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All my followers know I’m in mourning. Lloyd follows me, so he probably knows. I’m banking on this. I feel like I’m going to act weird tonight, not because I’m in mourning but because I’m nervous and won’t know anyone there besides Lloyd and my friend Rae, whom I’ve manipulated into coming along. I don’t actually even know Lloyd. Our entire relationship history amounts to one retweet.

Rae calls us a car because I don’t have a phone, but if I did have a phone I would’ve arranged for the car to drop us off a block away from the venue, so we could walk up to it like specters emerging from the night, and not like overdressed adolescents too moneyed and stupid to figure out public transportation. We’re not moneyed, we’re just running late. The car pulls up and everyone’s standing outside smoking and drinking. We exit the black SUV like actors on Gossip Girl, in the worst possible way. I’m shaking with fear as the driver leaves. Nobody looks at us. Nobody gives a shit.

Rae doesn’t give a shit either because she doesn’t know Lloyd, even though I’ve showed her his profile photo, and anyway Rae has a serious girlfriend and they’re probably getting engaged soon so her brain’s already halfway to Virginia, picking out shelves and shrubs. Her detachment could make her the perfect companion tonight, except that it serves to highlight my own attachment, namely to the scenario in which I successfully mingle with a few people who aren’t Lloyd, then sit through all the readings without taking my eyes off the stage, then turn around at the end, all dazed like I wish I could stay in the words forever, and in this scenario I bump into Lloyd then apologize impersonally, then say, Wait a minute, do I know you? to which Lloyd replies, as if christening me, You’re August. In this scenario, I then slip off to talk to the host of the evening, this dykey woman in her 40s who’s so taken by my turns-of-phrase that she asks if I’m a writer and bashfully I say yes, and she puts me on the line-up for the next event right then and there, after which I say, I’m sure you’re in high demand tonight so I’m gonna let you mingle, but it was lovely meeting you, let’s be in touch. I can tell from the host’s face that she wants me to stay longer, that her ideal scenario involves me monopolizing her time and attention until all the other guests give up and go home. Maybe I kind of want this too, but only because it’d make me feel chosen, which is really all I ever want from other people, and in the scenario I’m tempted to stay with the host, but I wrench myself out of this desire, thinking about the Virginia suburbs to calm myself down, like a guy who’s about to nut but doesn’t want to. In this scenario, I touch the host on her forearm one more time just so she can have a fresh memory of skin contact, then I go back to Lloyd, who’s right where I left him, unmoving and unwanted, like a piece of pasta that fell off the fork.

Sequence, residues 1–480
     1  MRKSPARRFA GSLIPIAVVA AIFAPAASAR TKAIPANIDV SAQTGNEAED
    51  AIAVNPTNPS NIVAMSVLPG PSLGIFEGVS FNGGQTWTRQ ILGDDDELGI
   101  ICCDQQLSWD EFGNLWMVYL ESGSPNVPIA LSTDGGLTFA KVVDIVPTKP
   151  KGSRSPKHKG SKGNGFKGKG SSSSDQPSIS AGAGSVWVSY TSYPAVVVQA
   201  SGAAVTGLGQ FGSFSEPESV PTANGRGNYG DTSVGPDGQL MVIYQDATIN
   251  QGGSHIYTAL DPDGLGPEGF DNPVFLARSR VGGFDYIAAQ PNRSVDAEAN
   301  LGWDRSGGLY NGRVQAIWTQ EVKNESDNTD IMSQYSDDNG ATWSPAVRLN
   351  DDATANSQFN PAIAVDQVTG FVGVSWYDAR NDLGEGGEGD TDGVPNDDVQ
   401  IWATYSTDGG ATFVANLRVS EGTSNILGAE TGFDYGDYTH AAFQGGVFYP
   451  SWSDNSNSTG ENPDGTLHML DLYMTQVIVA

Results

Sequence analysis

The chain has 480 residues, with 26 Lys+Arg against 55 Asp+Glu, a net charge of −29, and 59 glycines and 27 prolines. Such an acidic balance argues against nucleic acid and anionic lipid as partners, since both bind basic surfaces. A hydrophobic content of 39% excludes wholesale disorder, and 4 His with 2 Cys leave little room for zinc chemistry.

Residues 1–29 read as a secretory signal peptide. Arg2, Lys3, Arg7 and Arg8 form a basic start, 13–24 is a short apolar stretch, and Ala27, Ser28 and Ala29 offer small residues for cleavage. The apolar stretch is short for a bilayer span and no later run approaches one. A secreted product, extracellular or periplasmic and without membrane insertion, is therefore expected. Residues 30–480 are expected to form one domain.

In real life, Rae and I are still on the sidewalk. We walk into the venue where everyone is drinking beer but all the beers have different vessels and labels, and it hits me that this is a BYOB event, and because we didn’t think to B anything, we’re gonna have to stand here with our arms at our sides, which sucks because one time a guy told me I could be a hand model. I see Lloyd and Rae sees Lloyd and she turns to me and says, It’s Lloyd, and I say, If you humiliate me, I’m never talking to you again, and Rae says, Introduce yourself, but Rae is a pointer, that’s her downfall, so as she says this she’s pointing at Lloyd, and he looks over, and I start to whisper angrily at Rae, and then I realize it’s probably really obvious to Lloyd what’s happening, which is that I’m too nervous to talk to him, so I transition the angry whisper into a sad whisper, and I go in for a hug and I say quietly in Rae’s ear, Just pretend I’m mourning, just pretend you’re comforting me, and she starts smoothing my hair, and I say, Too gay, and she says, Guys love lesbians, they love a challenge, and now I’m actually crying because it’s super easy to cry these days, I probably could’ve been an actor if only my dad had died earlier in my development, I would’ve been able to call up that memory literally whenever I wanted. I pull away and wipe my eyes and look back at Lloyd and he’s definitely not looking at me, which is good and bad. Fuck, I say to Rae, I knew he was gonna be hot but not that hot, that’s insane hot, I don’t understand how you can be a writer and look like that, like where do you get your material, where do you find the time? Rae says, He’s not out of your league, and I say, I never said he was out my league, and she says, No, yeah, but just in case you were thinking that.